Lieber Studies Volume 2

The Impact of Emerging Technologies on the Law of Armed Conflict 

Edited by MAJ Ronald T.P. Alcala and Eric Talbot Jensen 

Published 27 September 2019
Edited Volume, 408 Pages
ISBN: 9780190915322 

Published by Oxford University Press


Disclaimer: Books in the Lieber Studies Series are not official publications of the United States Military Academy, Department of the Army, or Department of Defense. The views expressed in these volumes represent the authors’ personal views and do not necessarily reflect those of the Department of Defense, the United States Army, the United States Military Academy, or any other department or agency of the United States Government. The analysis presented stems from academic research of publicly available sources, not from protected operational information. 


Emerging technologies have always played an important role in armed conflict. From the crossbow to cyber capabilities, technology that could be weaponized to create an advantage over an adversary has inevitably found its way into military arsenals for use in armed conflict.  


The weaponization of emerging technologies, however, raises challenging legal issues with respect to the law of armed conflict. As States continue to develop and exploit new technologies, how will the law of armed conflict address the use of these technologies on the battlefield? Is existing law sufficient to regulate new technologies, such as cyber capabilities, autonomous weapons systems, and artificial intelligence? Have emerging technologies fundamentally altered the way we should understand concepts such as law-of-war precautions and the principle of distinction? How can we ensure compliance and accountability in light of technological advancement? This volume of the Lieber Studies explores these critical questions while highlighting the legal challenges–and opportunities–presented by the use of emerging technologies on the battlefield.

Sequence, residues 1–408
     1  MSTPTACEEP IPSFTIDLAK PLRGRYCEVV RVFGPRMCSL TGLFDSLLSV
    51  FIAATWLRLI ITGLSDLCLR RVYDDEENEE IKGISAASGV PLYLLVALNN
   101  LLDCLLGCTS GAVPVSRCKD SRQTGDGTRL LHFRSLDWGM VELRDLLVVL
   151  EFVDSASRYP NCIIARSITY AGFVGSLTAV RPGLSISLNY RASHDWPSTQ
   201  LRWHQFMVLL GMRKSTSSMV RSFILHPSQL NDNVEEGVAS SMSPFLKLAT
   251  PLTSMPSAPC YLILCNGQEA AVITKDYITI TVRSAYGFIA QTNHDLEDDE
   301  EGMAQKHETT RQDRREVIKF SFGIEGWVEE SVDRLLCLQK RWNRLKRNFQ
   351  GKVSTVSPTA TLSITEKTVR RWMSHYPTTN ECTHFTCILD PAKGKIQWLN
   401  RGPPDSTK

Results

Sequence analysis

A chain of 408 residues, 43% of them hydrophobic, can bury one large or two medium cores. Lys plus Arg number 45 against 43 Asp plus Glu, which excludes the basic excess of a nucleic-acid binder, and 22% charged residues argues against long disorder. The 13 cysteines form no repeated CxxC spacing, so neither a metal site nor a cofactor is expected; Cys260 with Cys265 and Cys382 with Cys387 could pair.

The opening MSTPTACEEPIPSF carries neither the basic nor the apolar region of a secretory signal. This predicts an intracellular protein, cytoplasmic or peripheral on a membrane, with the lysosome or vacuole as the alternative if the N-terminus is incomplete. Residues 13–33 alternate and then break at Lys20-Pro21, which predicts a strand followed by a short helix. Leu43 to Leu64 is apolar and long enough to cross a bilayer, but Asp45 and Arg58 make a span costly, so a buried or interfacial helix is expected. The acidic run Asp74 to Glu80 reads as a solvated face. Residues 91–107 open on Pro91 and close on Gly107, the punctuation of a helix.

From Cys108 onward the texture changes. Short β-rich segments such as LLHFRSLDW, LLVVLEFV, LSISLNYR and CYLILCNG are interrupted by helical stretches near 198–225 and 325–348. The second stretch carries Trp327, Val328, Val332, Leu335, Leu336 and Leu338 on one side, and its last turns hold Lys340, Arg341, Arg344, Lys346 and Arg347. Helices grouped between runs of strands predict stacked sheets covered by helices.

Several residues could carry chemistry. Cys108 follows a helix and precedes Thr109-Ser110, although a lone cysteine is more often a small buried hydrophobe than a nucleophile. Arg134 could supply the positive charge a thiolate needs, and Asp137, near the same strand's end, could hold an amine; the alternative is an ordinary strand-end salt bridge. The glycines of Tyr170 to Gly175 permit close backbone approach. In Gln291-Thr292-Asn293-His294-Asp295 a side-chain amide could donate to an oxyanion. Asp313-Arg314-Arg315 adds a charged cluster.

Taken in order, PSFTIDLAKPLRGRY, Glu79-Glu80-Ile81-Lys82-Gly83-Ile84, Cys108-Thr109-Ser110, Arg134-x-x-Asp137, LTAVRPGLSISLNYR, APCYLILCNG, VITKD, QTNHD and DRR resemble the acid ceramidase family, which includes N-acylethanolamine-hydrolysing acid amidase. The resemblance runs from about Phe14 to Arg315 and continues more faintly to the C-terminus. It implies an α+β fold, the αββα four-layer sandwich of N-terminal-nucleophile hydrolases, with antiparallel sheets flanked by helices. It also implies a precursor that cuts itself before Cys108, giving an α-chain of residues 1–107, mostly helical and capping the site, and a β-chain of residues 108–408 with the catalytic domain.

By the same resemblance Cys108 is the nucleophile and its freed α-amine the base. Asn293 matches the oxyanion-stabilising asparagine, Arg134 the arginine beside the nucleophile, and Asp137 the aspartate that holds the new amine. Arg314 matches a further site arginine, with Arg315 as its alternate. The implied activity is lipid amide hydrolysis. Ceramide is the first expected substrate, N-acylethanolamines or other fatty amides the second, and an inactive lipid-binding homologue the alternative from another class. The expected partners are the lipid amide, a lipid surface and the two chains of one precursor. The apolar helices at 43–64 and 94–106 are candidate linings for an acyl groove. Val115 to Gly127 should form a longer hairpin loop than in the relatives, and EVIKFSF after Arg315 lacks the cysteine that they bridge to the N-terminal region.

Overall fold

Table of Contents

Foreword by Brigadier General R. Patrick Huston


PART ONE: Compliance and Accountability 

Chapter 1. Regulating New Weapons Technology
Rebecca Crootof 

Chapter 2. Assessing LOAC Compliance and Discourse as New Technologies Emerge: From Effects Driven Analysis to “What Effects?”
Laurie R. Blank

Chapter 3. Leveraging Emerging Technology for LOAC Compliance
Eric Talbot Jensen & Alan Hickey 

Chapter 4. Lethal Autonomous Weapons Systems: The Overlooked Importance of Administrative Accountability
Laura A. Dickinson 


PART TWO: Precautions 

Chapter 5. Law-of-War Precautions: A Cautionary Note
Sean Watts 

Chapter 6. The Other Side of Autonomous Weapons: Using Artificial Intelligence to Enhance IHL Compliance
Peter Margulies 

Chapter 7. High Tech Civilians, Participation in Hostilities, and Criminal Liability: Reconciling U.S. Perspectives
Lieutenant Colonel Matthew T. King 


PART THREE: Distinction 

Chapter 8. Emerging Technologies and the Principle of Distinction: A Further Blurring of the Lines between Combatants and Civilians?
Michael W. Meier 

Chapter 9. Who Did It? Attribution of Cyber Intrusions and the Jus in Bello
William Banks 

Chapter 10. The Law of Armed Conflict Implications of Covered or Concealed Cyber Operations: Perfidy, Ruses, and the Principle of Passive Distinction
Colonel Gary P. Corn & Commander Peter P. Pascucci 

Chapter 11. Invisible Soldiers: The Perfidy Implications of Invisibility Technology on Battlefields of the Future
Sephora Sultana & Hitoshi Nasu 

Chapter 12. Attack Decision-Making: Context, Reasonableness, and the Duty to Obey
Geoffrey S. Corn 

Volume 2 Masthead

General Editor
Professor Michael N. Schmitt 

Managing Editors
LTC Shane R. Reeves
LTC Winston S. Williams  

Volume Editors 
Professor Eric Talbot Jensen 
MAJ Ronald T. P. Alcala    

Editorial Team
Professor Amy McCarthy